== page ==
Cranston Mayor Allan Fung, who is seeking the Republican nomination for governor, road-tested economic campaign themes Friday night and took some shots at Democratic Gov. Gina Raimondo – without mentioning her by name- as he delivered his annual city budget address to the city council.
As everyone expected in an election year where he is aiming for a rematch of his narrow 2014 gubernatorial loss to Raimondo, Fung’s budget recommends no property tax increases.
Fung praised city employees and what he called his “team” of top aides who helped put together his budget proposal, which now heads to the council. “It is this team’s hard work and dedication that is keeping Cranston on track for another balanced budget,” he said. “This despite so many snowstorms the tendency of those snowstorms to occur on weekends and Christmas.”
“We’ve taken Cranston from dire financial straits, and an made it a nationally recognized gem,” said Fung, according to remarks distributed to the media. “And our balanced budget is just the start… our economic development office is cranking and we’re seeing the city grow by leaps and bounds.”
Fung boasted that the recent burst of development at the Garden City shopping center is underway without a “single taxpayer dollar” of incentives to business. Fung is sure to tout such policies if he wins his party’s nomination and faces Raimondo in November. The governor has generated Republican criticism for her use of taxpayer-financed subsidies to lure new companies to the state.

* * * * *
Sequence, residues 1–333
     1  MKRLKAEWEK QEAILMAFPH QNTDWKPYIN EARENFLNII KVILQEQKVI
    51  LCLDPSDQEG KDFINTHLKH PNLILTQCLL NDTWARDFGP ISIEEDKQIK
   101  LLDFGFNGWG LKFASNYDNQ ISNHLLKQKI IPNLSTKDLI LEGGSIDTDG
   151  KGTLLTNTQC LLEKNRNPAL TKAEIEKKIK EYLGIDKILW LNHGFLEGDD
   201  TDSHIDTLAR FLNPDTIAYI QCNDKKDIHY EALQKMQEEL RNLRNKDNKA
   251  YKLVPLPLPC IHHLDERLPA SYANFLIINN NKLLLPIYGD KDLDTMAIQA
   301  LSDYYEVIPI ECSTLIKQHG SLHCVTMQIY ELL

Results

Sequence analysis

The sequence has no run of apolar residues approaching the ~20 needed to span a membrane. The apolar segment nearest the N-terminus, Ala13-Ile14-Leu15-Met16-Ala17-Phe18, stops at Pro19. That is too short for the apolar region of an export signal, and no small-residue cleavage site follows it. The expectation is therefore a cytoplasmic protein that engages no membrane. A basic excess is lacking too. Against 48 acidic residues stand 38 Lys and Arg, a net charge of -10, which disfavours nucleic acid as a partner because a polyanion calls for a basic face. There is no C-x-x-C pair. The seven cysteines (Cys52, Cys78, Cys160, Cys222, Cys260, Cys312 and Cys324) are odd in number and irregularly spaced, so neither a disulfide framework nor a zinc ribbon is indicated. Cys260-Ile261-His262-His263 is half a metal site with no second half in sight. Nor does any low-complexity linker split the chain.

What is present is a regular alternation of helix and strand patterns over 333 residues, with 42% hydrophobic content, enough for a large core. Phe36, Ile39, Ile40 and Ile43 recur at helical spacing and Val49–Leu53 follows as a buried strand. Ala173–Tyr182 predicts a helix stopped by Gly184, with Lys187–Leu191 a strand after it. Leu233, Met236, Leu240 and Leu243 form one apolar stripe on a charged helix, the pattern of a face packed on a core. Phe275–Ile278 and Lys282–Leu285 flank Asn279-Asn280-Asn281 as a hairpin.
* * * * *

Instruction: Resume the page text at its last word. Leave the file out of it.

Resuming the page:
The mayor’s speech also took more pointed shots at Raimondo. Speaking of the challenges cities and towns face from increase garbage fees at the Johnston state landfill, known as “tipping fees,” Fung said, “We’ve had to absorb an increase of $230,000 for tipping fees to RI Resource recovery.”
“It’s robbing Peter (us) to pay Paul (the state) as the current governor is scooping our increased fees into the great abyss known as the General Fund to fill her budget holes,” said Fung.
Fund also said the budget contains an additional $100,000 to support increased police details at city schools. He also said he is recommending that Cranston schools receive $600,000 more to invest in technology to, “make sure our kids are ready for the jobs of the future.”
City schools will also get $2.5 million in what Fung termed fire and safety upgrades.
He pledged to allocate $4 million for road repairs and repaving. And Fung said the city will invest in upgrades to parks and recreational facilities, including a new softball field at Hope Highlands, dog parks at Stony Acres and Beachmont Avenue, a new playground at Eden Park School and improvements at Cranston Stadium.
Fung also said that Cranston will become the first “major city” in Rhode Island to eliminate library fines for materials aimed at children.
The mayor also said the city will hire three additional police officers, which he said will improve community policing. And Fung said the budget carries no increases in sewer use fees.
Fung also said the city is fully funding city pension contributions. “I’m proud to lead a city that is now in a position to not just do the basics well, but make sound investments for our citizens of Cranston, without raising taxes. I am so grateful for a great team, and appreciate the council’s consideration and hopeful passage of this responsible and compassionate budget,” said Fung.